Rolls-Royce cuts 4,600 jobs at 'pivotal moment' for business
LONDON (Reuters) - Rolls-Royce <RR.L> is to cut 4,600 jobs over two years in the latest attempt by boss Warren East to reduce costs and complexity and make Britain's best known engineering company more profitable and dynamic.
East, a softly-spoken former tech boss, has overhauled the 134-year-old Rolls since he took charge in 2015 but the new cuts come as the group grapples with an aero-engine problem that has grounded planes and angered clients.
The announcement, which East said is not linked to the Trent 1000 engine issue, marks the biggest round of job cuts since the company had to retrench during the aviation crisis that followed the 9/11 attacks in the United States in 2001.
The plan will remove 10 percent of the workforce, targeting duplication in corporate, administration and management roles to try to save 400 million pounds ($536 million) a year by 2020.
Two thirds of the job cuts will fall in Britain. Rolls is the biggest employer in the city of Derby, central England, with 15,700 at its headquarters.
"Rolls-Royce is at a pivotal moment in its history," East told reporters. "We are poised to become the world leader in large aircraft engines. But we want to make the business as world class as our engineering and technology.
"We are proposing the creation of a much more streamlined organization. We have to significantly reduce the size of our corporate center, removing complexity and duplication that makes us too slow, uncompetitive and too expensive."
The cuts will not affect its engineers, Rolls said.
The news has echoes of an announcement from BT <BT.L> last month, another venerable company that is cutting 13,000 managerial and back-office jobs to reduce bureaucracy and respond faster to its customers' needs.
East, who built the chip designer ARM Holdings from a start-up into Britain's biggest tech company, has complained that Rolls, a rival to General Electric <GE.N>, is too complex and cumbersome due to layers of bureaucracy above the shopfloor.
Driving home his new focus, he has set a 2020 free cash flow target of 1 billion pounds, a sizeable jump from the 273 million pounds recorded in 2017, off revenue of 15 billion pounds.
In January he divided the company into three business units - Civil Aerospace, Defence and Power Systems - and the new restructuring is designed to remove management duplication between those layers and the corporate center.
The cuts follow a lengthy period of investment in previous years that has meant it is now delivering its biggest ever increase in large engine production.
The union Unite warned: "There is a real danger that Rolls-Royce will cut too deep and too fast with these jobs cuts, which could ultimately damage the smooth running of the company and see vital skills and experience lost."
The major restructuring, costing a total of 500 million pounds between 2018 and 2020, will be reported as separate one-off costs, allowing it to stick to its targets for free cash flow.
"These changes will help us deliver over the mid and longer-term a level of free cash flow well beyond our near-term ambition," East said.
The company holds an investor day on Friday where it is expected to provide more details on its targets and outlook.
Asked about the potential sale of the company's commercial marine business, which supplies oil and gas customers and is under review, East said he would provide shareholders with a "short update" on Friday.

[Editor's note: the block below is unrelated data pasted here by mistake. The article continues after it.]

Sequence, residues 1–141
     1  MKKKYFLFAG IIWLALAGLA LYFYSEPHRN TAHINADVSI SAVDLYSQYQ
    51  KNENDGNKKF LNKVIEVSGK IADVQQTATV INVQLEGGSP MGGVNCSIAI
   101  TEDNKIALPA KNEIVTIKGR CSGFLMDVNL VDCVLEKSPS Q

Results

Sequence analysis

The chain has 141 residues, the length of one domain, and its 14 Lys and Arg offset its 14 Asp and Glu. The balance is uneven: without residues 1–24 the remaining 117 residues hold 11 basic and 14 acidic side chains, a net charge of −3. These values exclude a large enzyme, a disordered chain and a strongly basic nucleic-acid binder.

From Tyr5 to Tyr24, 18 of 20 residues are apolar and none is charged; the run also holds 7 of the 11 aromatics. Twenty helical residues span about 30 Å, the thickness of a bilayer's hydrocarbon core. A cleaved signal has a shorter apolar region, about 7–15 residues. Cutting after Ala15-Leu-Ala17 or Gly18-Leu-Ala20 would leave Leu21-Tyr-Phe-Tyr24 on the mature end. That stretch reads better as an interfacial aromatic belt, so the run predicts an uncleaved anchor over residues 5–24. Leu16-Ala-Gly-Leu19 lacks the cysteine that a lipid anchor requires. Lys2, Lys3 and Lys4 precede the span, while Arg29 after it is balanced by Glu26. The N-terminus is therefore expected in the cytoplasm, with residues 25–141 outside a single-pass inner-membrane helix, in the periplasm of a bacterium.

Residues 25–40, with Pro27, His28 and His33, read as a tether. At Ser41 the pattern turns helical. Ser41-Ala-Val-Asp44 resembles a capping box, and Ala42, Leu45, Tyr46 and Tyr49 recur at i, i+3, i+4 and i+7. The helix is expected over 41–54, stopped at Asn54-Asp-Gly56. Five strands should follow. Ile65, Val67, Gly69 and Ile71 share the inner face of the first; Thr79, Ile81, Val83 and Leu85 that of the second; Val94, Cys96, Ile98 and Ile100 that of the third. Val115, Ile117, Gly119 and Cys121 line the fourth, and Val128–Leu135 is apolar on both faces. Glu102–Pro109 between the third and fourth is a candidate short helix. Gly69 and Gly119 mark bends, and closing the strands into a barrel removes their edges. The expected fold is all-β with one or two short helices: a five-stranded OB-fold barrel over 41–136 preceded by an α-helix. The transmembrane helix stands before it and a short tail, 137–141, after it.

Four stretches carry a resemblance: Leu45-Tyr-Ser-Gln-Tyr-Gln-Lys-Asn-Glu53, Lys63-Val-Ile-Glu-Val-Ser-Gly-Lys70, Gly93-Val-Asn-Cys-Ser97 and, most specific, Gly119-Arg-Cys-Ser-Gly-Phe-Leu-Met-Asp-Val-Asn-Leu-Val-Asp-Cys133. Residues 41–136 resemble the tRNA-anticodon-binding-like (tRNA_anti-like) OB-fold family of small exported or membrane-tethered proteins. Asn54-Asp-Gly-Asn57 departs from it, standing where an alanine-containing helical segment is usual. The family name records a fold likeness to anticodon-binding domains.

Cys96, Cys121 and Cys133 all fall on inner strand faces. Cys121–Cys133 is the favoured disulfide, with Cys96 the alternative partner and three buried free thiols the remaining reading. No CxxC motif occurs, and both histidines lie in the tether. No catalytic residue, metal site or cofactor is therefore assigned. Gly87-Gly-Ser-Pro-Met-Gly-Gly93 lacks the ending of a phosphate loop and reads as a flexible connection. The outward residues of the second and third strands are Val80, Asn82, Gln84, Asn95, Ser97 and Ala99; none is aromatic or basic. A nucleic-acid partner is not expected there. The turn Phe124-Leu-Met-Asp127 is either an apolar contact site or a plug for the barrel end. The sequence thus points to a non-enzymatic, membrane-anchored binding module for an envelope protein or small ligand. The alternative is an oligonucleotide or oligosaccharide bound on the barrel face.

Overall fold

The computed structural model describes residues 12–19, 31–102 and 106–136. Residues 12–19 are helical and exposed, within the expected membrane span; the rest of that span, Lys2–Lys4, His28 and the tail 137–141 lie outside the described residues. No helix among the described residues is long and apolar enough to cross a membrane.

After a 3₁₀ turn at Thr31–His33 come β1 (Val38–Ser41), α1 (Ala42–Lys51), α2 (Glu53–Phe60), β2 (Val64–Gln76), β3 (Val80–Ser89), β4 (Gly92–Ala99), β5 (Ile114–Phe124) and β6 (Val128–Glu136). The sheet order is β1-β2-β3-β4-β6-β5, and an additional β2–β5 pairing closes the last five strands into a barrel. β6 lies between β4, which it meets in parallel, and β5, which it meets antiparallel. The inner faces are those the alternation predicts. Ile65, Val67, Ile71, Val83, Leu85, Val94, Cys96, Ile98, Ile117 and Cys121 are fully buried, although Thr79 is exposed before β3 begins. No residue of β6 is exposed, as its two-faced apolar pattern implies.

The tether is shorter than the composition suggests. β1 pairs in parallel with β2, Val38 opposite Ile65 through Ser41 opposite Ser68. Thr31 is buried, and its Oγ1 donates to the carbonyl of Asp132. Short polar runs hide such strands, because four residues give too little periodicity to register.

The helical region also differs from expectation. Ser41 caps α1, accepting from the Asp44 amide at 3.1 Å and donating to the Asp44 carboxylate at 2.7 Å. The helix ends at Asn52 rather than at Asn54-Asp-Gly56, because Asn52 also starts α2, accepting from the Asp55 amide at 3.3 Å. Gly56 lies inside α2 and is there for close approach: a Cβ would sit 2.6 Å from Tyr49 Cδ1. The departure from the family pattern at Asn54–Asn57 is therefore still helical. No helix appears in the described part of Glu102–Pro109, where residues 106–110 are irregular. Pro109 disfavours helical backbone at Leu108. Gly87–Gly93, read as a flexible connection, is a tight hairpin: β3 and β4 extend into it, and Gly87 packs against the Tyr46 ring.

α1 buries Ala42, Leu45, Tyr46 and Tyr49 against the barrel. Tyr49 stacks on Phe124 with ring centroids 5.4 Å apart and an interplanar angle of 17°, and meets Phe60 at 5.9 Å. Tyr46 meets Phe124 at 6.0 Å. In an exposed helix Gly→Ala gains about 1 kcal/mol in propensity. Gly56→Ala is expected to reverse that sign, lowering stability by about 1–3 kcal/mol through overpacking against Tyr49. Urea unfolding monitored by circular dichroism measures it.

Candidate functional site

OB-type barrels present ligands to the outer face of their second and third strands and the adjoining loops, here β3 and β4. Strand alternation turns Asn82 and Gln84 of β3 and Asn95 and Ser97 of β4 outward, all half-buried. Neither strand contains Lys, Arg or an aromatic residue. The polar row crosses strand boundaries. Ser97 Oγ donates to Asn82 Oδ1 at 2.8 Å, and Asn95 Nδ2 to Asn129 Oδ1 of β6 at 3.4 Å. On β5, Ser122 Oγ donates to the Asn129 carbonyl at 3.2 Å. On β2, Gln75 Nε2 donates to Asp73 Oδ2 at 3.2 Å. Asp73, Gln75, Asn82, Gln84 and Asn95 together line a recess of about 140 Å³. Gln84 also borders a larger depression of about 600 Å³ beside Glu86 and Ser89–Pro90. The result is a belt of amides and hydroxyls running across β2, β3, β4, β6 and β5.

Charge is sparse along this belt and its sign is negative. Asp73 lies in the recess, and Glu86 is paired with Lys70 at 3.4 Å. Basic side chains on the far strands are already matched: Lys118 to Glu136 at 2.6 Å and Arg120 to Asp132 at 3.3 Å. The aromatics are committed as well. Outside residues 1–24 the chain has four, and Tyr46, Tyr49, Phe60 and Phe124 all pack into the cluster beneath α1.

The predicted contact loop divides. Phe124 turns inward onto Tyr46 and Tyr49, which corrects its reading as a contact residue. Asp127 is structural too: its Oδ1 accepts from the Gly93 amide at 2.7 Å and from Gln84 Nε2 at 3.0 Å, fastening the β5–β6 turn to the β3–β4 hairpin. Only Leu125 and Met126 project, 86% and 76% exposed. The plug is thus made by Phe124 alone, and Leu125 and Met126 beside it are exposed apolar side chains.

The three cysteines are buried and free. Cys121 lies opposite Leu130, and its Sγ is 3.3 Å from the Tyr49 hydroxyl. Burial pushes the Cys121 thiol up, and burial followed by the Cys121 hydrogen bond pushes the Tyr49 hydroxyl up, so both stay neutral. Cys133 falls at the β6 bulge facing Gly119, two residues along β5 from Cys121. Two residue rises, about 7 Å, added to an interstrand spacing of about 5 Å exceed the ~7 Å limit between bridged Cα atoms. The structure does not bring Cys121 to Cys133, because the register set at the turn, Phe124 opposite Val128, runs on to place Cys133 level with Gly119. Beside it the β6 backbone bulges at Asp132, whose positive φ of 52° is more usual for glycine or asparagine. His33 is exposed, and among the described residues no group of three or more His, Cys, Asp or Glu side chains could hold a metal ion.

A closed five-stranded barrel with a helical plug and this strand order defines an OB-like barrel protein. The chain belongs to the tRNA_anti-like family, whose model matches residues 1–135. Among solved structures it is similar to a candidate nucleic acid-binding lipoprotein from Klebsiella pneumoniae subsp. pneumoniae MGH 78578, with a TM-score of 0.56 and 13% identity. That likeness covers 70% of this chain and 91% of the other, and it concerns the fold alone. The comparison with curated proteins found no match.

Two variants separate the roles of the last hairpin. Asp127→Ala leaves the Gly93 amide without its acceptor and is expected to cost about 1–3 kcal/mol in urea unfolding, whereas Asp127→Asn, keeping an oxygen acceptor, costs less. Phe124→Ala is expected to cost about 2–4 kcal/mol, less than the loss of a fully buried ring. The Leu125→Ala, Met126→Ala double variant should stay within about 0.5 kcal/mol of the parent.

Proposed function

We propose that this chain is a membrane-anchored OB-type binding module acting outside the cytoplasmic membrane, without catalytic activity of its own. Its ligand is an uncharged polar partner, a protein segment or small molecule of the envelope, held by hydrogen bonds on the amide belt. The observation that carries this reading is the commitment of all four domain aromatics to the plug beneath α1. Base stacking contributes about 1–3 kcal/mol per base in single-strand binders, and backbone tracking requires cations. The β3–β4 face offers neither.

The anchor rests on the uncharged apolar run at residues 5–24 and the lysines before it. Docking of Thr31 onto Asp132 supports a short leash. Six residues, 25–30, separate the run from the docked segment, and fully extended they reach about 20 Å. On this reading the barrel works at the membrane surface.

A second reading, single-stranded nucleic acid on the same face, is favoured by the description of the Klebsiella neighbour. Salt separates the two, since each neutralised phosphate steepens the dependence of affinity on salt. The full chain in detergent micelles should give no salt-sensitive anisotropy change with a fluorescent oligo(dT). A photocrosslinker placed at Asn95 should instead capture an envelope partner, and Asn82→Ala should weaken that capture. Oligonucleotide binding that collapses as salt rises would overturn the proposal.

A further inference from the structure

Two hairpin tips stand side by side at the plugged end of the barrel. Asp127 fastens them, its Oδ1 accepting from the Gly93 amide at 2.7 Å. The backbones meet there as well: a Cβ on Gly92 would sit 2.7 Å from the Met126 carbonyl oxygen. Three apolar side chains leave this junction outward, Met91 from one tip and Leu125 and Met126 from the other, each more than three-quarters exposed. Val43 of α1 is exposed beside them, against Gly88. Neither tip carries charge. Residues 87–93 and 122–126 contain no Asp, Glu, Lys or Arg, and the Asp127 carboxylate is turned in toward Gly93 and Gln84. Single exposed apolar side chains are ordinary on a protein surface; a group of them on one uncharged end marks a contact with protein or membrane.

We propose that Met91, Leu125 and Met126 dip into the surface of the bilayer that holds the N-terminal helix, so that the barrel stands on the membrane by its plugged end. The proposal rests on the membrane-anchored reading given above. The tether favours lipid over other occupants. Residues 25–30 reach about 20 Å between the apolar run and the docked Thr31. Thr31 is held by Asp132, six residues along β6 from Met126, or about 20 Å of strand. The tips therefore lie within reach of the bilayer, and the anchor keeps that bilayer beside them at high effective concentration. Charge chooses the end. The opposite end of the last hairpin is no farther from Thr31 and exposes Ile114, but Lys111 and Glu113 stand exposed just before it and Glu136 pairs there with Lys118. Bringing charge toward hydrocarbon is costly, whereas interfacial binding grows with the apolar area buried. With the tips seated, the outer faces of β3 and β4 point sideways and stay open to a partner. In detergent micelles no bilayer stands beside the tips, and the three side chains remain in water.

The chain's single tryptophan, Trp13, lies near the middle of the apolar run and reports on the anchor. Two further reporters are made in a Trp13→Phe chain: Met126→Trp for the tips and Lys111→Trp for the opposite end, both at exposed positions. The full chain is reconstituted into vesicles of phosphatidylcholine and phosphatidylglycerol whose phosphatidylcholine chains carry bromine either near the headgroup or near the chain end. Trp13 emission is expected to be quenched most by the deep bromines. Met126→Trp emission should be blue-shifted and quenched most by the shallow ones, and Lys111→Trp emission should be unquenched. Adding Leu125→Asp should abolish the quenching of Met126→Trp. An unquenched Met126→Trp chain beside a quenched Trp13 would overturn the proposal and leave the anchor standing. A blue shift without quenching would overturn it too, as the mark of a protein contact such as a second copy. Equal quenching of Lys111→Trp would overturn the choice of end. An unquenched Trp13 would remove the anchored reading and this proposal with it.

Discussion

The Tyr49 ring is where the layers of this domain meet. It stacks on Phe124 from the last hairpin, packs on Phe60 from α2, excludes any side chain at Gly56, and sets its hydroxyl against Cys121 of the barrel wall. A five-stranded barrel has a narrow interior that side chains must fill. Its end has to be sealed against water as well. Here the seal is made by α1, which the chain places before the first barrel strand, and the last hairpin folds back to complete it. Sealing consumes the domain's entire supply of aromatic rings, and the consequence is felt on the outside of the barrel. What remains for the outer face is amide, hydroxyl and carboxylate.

Investors will also be looking for hints that the dividend could start to grow. It was halved in 2016 to enable the company to shore up its finances and cope with the declines in its aero engine and oil and gas businesses over the previous two years.
Rolls shares traded 3 percent higher to 854 pence by 1055 GMT after it published details of the restructuring plan.
The rise came despite analyst concerns about Rolls excluding the costs of restructuring from its the free cash flow targets.
"In our view on first pass the headlines imply a notable underlying downgrade to current market expectations in outer-year estimates with higher than anticipated costs in the near term," Barclays analyst Phil Buller said in a note.
"How much of this is driven by the growing Trent 1000 issues is unclear."
TEST OF MANAGEMENT
The overhaul will test East's management skills however, coming against a backdrop of huge pressures on the group which has been blindsided by problems with parts of the Trent 1000 engine which powers the Boeing 787 Dreamliner jet.
Having discovered that parts of the engine were not lasting as long as expected, the company is having to ground planes to carry out inspections, forcing airline clients to lease alternative planes to meet demand in the busy summer period.
That program has pushed up costs, increasing pressure on Rolls to find savings elsewhere. East said the job cuts were not linked to the engine problem.
"The people that will be leaving the business have nothing whatsoever to do with solving the issues our customers are having with our engines today," East said.
"I know it sounds incongruous at face value, the loss of the work force while we're dealing with these issues but they're really two separate issues altogether."
Rolls-Royce has 55,000 employees worldwide, of which 26,000 are in Britain. The latest changes follow previous job cuts and the creation of other roles following a series of profit warnings in 2014.
(Additional writing by Kate Holton; editing by Guy Faulconbridge and xx)
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